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John Nelson: (603) 868-1095
Jane Vachon: (603) 271-3211
November 21, 2003


Work Underway on Osprey-viewing Site in Stratham

CONCORD, N.H. -- Work is underway on a project that will establish a "Watchable Wildlife" site for viewing an osprey-nesting platform in Stratham and an interpretive trail educating the public on the work of the Great Bay National Estuarine Research Reserve, which is managed by the New Hampshire Fish and Game Department.

"This property presents a unique educational opportunity for an osprey-viewing platform," said Dr. Judith Silverberg, Watchable Wildlife Coordinator for Fish and Game. "Educational displays will tell the story of the osprey's return to the area and show the success of Fish and Game's efforts to protect wildlife in the seacoast region."

The site, located on heavily traveled Route 108, offers a direct view of an existing osprey-nesting platform on other Fish and Game land. A stretch of saltmarsh between the viewing and nesting sites gives the nesting birds protection from the viewing public.

The viewing platform and educational materials will be funded through a public-private partnership called Project Osprey, a collaboration of Fish and Game, the Public Service Company of New Hampshire and the Audubon Society of New Hampshire. In addition to the viewing platform, plans for the site include installation of an informational kiosk about the Reserve and protected lands in the Seacoast area.

To make this project possible, the Great Bay National Estuarine Research Reserve acquired a 1.8-acre property at 80 College Road in Stratham, known as the Wiggin property, using funds from the National Oceanic & Atmospheric Administration (NOAA) for protection of lands within the reserve boundary. Fish and Game operates the Reserve, the mission of which includes research, education and stewardship.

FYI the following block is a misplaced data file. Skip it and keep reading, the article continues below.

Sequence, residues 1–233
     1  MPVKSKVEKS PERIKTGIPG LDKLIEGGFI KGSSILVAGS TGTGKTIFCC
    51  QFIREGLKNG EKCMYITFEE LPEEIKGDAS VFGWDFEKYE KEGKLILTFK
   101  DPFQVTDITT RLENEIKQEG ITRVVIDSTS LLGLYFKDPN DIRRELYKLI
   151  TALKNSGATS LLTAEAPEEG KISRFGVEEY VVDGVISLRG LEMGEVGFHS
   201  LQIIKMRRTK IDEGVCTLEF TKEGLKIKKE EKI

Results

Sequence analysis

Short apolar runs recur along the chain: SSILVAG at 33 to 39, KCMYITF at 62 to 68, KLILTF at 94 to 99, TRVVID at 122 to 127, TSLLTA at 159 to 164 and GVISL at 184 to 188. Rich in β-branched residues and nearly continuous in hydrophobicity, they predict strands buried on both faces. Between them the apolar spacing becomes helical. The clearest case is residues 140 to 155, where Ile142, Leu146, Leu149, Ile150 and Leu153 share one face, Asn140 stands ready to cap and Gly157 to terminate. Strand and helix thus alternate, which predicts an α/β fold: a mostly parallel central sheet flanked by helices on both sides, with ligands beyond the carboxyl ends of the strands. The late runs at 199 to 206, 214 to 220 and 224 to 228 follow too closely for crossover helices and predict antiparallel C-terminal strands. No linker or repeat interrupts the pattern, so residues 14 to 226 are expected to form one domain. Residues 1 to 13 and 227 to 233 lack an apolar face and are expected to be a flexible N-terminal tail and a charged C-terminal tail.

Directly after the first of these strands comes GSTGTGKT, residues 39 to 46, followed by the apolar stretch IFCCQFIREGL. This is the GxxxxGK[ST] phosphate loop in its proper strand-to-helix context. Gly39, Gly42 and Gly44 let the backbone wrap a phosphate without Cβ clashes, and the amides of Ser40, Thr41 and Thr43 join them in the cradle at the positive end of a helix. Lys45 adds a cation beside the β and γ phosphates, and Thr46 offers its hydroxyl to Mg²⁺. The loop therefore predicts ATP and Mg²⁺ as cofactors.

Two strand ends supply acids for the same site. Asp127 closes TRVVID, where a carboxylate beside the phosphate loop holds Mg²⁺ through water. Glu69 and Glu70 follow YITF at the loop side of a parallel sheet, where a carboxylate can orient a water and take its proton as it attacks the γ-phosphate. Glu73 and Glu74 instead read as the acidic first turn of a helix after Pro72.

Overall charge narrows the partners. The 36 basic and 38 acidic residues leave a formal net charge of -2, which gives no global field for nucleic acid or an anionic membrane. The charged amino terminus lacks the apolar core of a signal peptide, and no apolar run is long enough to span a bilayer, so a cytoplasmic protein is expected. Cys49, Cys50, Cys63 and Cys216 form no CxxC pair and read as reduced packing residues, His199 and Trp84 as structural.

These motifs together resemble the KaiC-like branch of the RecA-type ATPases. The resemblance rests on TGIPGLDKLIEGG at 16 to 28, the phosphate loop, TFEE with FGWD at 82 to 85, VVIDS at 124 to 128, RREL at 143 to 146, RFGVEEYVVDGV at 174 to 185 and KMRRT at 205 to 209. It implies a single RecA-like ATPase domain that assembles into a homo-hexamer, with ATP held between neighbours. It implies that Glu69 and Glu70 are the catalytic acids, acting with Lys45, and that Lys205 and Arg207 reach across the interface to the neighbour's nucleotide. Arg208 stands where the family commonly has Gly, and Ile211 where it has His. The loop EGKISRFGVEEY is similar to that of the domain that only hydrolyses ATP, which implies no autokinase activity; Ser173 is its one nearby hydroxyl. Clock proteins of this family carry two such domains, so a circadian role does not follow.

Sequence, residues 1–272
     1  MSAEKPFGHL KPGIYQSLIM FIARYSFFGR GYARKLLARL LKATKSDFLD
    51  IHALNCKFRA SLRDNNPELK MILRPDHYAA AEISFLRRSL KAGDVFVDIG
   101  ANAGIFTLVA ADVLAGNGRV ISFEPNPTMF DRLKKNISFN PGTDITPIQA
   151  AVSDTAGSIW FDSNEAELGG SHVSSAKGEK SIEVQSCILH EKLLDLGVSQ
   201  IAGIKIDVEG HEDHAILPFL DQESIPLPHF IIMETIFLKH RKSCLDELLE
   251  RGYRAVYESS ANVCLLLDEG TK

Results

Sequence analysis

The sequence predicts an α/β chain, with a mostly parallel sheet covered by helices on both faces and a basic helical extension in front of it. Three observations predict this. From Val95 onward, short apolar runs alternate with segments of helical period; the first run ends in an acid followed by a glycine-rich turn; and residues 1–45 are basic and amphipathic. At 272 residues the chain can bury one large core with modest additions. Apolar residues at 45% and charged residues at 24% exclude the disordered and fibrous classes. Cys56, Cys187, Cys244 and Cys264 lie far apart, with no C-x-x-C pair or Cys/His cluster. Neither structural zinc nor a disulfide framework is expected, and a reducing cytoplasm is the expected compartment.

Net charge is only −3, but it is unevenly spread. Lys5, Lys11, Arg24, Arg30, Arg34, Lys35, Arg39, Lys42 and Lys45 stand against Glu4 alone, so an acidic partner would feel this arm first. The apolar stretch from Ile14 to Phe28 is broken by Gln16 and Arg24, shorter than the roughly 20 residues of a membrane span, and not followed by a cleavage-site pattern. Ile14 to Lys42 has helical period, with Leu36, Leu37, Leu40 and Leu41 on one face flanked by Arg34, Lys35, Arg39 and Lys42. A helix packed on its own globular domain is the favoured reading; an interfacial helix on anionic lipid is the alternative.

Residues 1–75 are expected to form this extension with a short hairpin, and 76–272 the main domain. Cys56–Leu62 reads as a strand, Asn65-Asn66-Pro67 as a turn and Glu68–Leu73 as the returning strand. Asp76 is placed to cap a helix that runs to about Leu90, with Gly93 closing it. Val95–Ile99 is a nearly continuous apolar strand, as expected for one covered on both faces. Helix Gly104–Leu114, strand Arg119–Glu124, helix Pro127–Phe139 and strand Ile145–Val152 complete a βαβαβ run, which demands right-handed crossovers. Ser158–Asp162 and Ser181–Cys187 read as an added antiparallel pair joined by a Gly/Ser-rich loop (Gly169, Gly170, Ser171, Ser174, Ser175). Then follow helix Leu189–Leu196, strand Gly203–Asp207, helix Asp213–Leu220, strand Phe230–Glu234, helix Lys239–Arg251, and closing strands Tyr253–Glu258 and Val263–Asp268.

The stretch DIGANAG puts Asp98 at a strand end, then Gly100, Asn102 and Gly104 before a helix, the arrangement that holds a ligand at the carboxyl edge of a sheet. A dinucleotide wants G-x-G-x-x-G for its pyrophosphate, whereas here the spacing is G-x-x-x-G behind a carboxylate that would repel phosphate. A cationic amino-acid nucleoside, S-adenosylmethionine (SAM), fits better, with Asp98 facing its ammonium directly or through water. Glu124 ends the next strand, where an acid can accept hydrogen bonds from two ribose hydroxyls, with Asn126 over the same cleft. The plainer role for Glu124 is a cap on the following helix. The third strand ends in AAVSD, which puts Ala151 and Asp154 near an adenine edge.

As part of the project, a small, unoccupied house and garage on the property will be torn down. The house has no historic value, according to the State's Division of Historic Resources. Various options besides demolition of the building have been explored. The house could not be rented without improvements, and rental could compromise federal funding from NOAA and violate conservation restrictions in the deed for the property. Various efforts have been made to identify a party to remove the building and use it for housing at another location, including offering the structure to the local chapter of Habitat for Humanity.

The original owner of the house, Rose Ann LeBranche, now a Florida resident, has expressed her support for the Department's plans to transform her former homestead into an attractive natural area including an osprey-viewing platform and an educational kiosk to raise public awareness about the importance of conserving and protecting fragile seacoast lands.

Preliminary work on the project will begin this fall, including initiating a hazardous materials inspection and taking care of any cleanup work necessary (such as asbestos removal), prior to demolition of the house by the spring of 2004. The osprey-viewing platform and educational panels are expected to be in place by late summer of 2004.

Protected lands in the Reserve are purchased through the Great Bay Resource Protection Partnership, which is made up of nine organizations working together to obtain federal funding for the purpose of protecting wetland and wildlife resource in the Great Bay watershed. Fish and Game and The Nature Conservancy are the primary partners, along with the Great Bay National Estuarine Research Reserve, the U.S. Fish and Wildlife Service, Ducks Unlimited and others.

The New Hampshire Fish and Game Department is the guardian of the state's fish, wildlife and marine resources. It works in partnership with the public to conserve, manage and protect these resources and their habitats; inform and educate the public about these resources; and provide the public with opportunities to use and appreciate them.

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